The aggregate-demand (AD), short-run aggregate supply (AS), and long-run aggregate-supply (AS LR ) schedules for a given economy are as follows.

The aggregate-demand (AD), short-run aggregate supply (AS), and long-run aggregate-supply (ASLR) schedules for a given economy are as follows. The schedules show the GDP price deflator (P) versus real GDP (Q), with Q measured in trillions of constant dollars.

1. Graph the AD, AS, and ASLR curves. Be sure to label the curves and the axes.

Hint: ASLR is at potential output (Qf).

2. Explain the difference in shape between the AS and ASLR curves in general.

Hint: “in general” means not just for this economy but for any economy.

3. State the general conditions for short-run equilibrium and for long-run equilibrium. Which one implies the other?

Hint: “general” means not just for this economy but for any economy.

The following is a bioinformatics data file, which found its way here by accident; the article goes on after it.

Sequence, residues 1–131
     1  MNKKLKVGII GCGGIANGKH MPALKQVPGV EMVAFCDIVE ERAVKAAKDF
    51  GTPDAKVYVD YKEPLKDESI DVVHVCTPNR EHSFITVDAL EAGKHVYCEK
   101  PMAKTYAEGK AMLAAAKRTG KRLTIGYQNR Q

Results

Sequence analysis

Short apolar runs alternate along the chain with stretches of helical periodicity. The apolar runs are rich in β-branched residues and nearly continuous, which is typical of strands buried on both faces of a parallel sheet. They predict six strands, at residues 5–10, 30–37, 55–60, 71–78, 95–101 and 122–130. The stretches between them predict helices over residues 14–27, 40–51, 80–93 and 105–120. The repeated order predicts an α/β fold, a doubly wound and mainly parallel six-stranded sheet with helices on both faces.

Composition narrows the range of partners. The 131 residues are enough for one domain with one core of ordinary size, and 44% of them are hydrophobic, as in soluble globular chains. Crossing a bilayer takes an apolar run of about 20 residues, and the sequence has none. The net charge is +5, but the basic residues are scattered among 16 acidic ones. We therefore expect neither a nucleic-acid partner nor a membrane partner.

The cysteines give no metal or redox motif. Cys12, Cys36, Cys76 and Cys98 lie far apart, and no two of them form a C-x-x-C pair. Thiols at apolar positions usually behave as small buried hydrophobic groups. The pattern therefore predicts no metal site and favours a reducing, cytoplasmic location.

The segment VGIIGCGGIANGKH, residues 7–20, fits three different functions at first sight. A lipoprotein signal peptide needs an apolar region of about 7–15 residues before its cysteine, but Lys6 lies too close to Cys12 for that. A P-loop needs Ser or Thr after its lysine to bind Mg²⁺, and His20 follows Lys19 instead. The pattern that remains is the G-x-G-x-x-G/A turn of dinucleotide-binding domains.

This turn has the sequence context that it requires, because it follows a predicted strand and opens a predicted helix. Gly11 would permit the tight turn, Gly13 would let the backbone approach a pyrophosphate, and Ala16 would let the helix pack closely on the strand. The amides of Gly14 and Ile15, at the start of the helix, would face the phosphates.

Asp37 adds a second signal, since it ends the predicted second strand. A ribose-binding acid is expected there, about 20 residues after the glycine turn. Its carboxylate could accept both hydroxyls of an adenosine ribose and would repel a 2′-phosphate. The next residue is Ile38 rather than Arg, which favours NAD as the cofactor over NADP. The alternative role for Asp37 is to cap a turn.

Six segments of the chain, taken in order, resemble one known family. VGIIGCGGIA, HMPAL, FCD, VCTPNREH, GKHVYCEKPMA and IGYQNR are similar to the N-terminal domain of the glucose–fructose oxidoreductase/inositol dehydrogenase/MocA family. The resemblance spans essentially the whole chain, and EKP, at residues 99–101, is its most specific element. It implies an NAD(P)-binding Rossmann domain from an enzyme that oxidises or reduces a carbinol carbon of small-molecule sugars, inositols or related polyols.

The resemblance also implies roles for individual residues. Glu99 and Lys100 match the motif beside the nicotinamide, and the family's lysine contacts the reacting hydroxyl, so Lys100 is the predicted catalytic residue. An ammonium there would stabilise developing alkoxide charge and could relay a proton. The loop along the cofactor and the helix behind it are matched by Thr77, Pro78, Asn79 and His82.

4. What is the equilibrium price level for this economy in the short run? What is Q for this economy in the short run? Show the short-run equilibrium price and short-run equilibrium output on the graph. Suppose that P is initially at 150. This implies that there is either excess demand or excess supply—which one? And what is its amount? Then explain the process of eliminating the excess demand or supply, that is, the process to reach short-run equilibrium.

5. What is long-run equilibrium GDP (Q) for this economy? Assuming that the AD curve does not shift, what is the long-run equilibrium price level (P) for this economy? Beginning at short‑run equilibrium for this economy, explain the process to long-run equilibrium.

 
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